Read more


Health in iOS 13: A Foundation for Apple’s Grand Wellness Ambitions

Apple’s Health app first debuted in 2014 as part of iOS 8. In the five years since its launch, Health has been one of the only iOS apps to receive redesigns every couple of years. The basic purpose of the app has remained the same through those changes, still serving as an aggregation tool for wellness data from sources like the Apple Watch to third-party apps and devices. However, Health’s regular reimagining serves as strong evidence that Apple has never quite felt content with how that original goal was being fulfilled.

It may be too early to cast judgment, but I have a strong suspicion that this year’s rebrand will stick. iOS 13’s Health app finally brings a design that feels intuitive and user-friendly, doing away with complication and creating a streamlined, inviting interface. Simultaneously, this year’s update adds compelling new features related to cycle tracking and hearing health that may hint at an evolving vision for the Health app’s future.

Read more


Calory Review: Simple, Convenient Calorie Tracking

In my estimation, there are two types of nutrition-tracking apps on the App Store: those for users who want full control of all nitty-gritty details regarding what they consume, and those for people like me who just want to do simple calorie-tracking. Calory, a new iOS app from the makers of WaterMinder, HealthView, and HabitMinder, falls strictly in the latter category. While you can optionally track certain statistics like fat, carbs, and protein, the primary purpose of Calory is convenient calorie tracking – and the app excels at that.

Read more


Apple Watch’s ECG App and Irregular Rhythm Notification Expand Across the Globe

Yesterday Apple released watchOS 5.2, lagging just a couple days behind iOS 12.2. For users in the United States, there isn’t much worth noting about this latest Watch update, but it’s a different story around the world. Apple’s press release highlights the health-related features it brings support for:

The ECG app on Apple Watch Series 4, a direct-to-consumer product that enables customers to take an electrocardiogram right from their wrist, is available in Hong Kong and 19 European countries, including France, Germany, Italy, Spain and the United Kingdom. In addition to receiving De Novo clearance in the US from the FDA, the ECG app and irregular rhythm notification are now CE marked and cleared in the European Economic Area.

The ECG app is limited to Apple Watch Series 4, while users of the Series 1 or later will benefit from the irregular rhythm notification, a feature that requires first opening the iPhone’s Health app to enable it.

Countries that now support the ECG app: Austria, Belgium, Denmark, Finland, France, Germany, Greece, Guam, Hong Kong, Hungary, Ireland, Italy, Luxembourg, Netherlands, Norway, Portugal, Puerto Rico, Romania, Spain, Sweden, Switzerland, the UK, US and US Virgin Islands.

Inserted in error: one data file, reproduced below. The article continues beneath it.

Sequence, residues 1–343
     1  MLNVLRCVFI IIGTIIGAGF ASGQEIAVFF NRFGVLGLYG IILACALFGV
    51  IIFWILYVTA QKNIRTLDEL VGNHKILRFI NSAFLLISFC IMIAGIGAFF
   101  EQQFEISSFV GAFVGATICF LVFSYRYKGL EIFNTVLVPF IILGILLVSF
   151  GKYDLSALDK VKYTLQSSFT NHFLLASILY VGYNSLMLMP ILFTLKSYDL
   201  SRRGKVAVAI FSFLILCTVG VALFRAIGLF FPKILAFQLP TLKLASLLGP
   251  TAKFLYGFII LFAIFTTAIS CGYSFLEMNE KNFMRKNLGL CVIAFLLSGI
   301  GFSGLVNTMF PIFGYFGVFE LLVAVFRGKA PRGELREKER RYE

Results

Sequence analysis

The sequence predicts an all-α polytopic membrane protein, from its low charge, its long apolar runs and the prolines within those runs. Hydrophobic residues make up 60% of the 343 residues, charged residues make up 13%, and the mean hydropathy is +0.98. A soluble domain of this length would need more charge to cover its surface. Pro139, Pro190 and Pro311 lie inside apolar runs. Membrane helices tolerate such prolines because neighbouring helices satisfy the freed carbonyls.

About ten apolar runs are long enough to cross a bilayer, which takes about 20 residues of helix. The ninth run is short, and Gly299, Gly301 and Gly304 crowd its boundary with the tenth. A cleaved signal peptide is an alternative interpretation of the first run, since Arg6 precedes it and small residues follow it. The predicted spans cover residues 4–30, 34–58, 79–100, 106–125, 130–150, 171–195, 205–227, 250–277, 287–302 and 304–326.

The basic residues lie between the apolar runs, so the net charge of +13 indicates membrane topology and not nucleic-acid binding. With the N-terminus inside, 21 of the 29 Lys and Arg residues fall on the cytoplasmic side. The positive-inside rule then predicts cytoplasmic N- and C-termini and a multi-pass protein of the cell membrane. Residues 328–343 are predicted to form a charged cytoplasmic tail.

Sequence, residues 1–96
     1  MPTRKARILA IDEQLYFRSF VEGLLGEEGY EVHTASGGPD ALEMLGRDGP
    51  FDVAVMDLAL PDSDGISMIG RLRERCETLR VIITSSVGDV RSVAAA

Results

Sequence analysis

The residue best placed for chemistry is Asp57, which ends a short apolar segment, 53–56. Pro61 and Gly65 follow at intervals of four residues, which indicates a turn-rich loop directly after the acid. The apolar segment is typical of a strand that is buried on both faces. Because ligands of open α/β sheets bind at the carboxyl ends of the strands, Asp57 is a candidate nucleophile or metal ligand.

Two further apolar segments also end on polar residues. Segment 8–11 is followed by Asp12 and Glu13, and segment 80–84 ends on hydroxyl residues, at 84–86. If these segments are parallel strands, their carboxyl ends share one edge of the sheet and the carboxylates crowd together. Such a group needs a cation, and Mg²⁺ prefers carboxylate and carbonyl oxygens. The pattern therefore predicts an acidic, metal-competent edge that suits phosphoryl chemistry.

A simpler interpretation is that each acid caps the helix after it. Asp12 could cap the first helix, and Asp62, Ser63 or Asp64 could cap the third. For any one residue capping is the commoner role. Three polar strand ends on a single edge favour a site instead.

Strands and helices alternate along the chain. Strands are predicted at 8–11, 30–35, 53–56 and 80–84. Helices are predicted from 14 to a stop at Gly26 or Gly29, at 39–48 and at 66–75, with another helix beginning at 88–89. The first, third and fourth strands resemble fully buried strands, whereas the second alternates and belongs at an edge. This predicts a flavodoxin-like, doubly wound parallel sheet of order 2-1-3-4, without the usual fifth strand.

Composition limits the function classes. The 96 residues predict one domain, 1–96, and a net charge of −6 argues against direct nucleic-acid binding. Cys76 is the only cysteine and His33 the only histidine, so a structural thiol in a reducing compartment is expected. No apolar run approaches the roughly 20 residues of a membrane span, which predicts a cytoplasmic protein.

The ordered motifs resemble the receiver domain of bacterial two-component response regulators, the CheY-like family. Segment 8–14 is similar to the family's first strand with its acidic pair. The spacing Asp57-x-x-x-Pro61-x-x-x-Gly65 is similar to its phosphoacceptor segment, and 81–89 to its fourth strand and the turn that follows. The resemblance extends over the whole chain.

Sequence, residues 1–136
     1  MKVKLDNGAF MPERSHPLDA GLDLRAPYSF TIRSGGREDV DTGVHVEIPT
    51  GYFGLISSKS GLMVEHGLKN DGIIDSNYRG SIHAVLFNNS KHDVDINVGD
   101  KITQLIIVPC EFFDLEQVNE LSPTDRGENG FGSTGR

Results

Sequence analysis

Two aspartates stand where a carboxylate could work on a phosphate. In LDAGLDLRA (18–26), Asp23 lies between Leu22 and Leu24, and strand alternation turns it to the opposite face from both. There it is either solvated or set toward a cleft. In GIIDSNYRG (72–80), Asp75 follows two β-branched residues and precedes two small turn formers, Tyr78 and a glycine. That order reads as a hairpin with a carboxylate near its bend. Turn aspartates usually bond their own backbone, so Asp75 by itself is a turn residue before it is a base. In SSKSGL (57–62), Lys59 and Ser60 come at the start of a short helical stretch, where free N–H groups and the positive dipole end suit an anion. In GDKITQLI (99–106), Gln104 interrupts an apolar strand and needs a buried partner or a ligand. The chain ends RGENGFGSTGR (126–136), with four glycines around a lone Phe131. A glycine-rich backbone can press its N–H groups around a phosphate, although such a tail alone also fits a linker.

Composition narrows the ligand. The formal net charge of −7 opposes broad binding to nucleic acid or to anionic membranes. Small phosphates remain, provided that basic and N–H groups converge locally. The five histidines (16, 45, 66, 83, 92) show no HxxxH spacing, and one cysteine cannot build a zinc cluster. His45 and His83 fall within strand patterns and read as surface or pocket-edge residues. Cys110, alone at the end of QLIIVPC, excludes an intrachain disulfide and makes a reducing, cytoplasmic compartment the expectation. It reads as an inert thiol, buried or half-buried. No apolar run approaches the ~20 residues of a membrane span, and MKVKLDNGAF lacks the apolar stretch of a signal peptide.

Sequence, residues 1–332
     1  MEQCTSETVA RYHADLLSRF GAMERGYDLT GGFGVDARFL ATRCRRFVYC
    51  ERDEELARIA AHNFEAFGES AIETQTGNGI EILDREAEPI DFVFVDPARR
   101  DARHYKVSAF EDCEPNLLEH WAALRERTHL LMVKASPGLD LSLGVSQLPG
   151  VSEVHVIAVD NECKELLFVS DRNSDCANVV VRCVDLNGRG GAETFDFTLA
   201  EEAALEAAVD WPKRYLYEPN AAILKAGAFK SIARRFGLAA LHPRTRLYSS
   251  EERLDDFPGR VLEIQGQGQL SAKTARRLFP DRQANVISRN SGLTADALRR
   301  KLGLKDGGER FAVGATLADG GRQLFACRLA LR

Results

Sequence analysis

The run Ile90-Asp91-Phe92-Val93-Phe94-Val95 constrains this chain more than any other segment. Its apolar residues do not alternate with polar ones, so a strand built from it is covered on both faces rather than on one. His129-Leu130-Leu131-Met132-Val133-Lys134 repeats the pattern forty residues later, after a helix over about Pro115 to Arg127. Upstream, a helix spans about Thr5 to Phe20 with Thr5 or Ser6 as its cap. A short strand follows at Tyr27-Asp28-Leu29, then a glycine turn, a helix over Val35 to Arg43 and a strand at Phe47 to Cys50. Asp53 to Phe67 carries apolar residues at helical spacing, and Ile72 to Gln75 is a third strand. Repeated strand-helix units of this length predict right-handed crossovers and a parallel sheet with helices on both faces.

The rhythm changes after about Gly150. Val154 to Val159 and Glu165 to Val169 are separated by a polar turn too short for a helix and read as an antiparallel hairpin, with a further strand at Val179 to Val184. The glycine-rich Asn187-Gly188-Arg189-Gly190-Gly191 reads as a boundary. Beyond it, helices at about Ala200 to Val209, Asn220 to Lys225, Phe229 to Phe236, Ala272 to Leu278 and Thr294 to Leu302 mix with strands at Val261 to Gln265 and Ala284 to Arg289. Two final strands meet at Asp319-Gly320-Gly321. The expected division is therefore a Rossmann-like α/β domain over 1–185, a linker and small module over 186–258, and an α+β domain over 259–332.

Apple can often launch a feature or service in the US, then be extremely slow to roll it out elsewhere (see: Apple News). For health features like these though, I think it’s particularly important for Apple to prioritize global expansion, despite the huge amount of red tape that must be worked through. Access to a new media service like Apple News or TV is nice, but the work being done with Apple Watch has the potential to be life-changing. I hope we continue to see these features spread as far and wide as possible.

Permalink

Stanford Medicine Presents Results of the Apple Heart Study

Over 400,000 people participated in the Apple Heart Study, which used the Apple Watch to collect irregular heart rhythm data from participants for eight months. When an irregular rhythm was detected and suggested the possibility of arterial fibrillation, the Watch sent the user a notification. Study participants who got the notification were contacted telephonically by a doctor and given an electrocardiogram patch for further monitoring.

This weekend, Stanford Medicine reported the results of the study at the American College of Cardiology’s Annual Scientific Session and Expo in New Orleans. The study showed that 0.5% of participants received irregular rhythm notifications putting to rest concerns in some quarters that the Apple Watch’s sensor would overburden health professionals with false positives. In a press release, Jeff Williams, Apple’s Chief Operating Officer said:

We are proud to work with Stanford Medicine as they conduct this important research and look forward to learning more about the impact of Apple Watch alongside the medical community. We hope consumers will continue to gain useful and actionable information about their heart health through Apple Watch.

We’re still in the early days of the potential healthcare benefits of wearable devices like the Apple Watch, and it’s encouraging to see results like these, which show the potential good that can come from arming people with information to help them get the care they need.